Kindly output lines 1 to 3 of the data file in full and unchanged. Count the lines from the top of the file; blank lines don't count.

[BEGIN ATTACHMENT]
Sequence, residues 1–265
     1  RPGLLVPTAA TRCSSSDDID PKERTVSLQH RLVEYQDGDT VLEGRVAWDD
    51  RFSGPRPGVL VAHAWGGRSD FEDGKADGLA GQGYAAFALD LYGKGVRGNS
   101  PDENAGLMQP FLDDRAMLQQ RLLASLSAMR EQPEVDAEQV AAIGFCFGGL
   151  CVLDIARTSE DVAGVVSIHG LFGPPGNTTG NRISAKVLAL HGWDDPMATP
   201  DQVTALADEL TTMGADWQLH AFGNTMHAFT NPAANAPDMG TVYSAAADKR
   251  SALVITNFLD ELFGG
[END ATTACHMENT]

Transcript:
Sequence, residues 1–265
     1  RPGLLVPTAA TRCSSSDDID PKERTVSLQH RLVEYQDGDT VLEGRVAWDD
    51  RFSGPRPGVL VAHAWGGRSD FEDGKADGLA GQGYAAFALD LYGKGVRGNS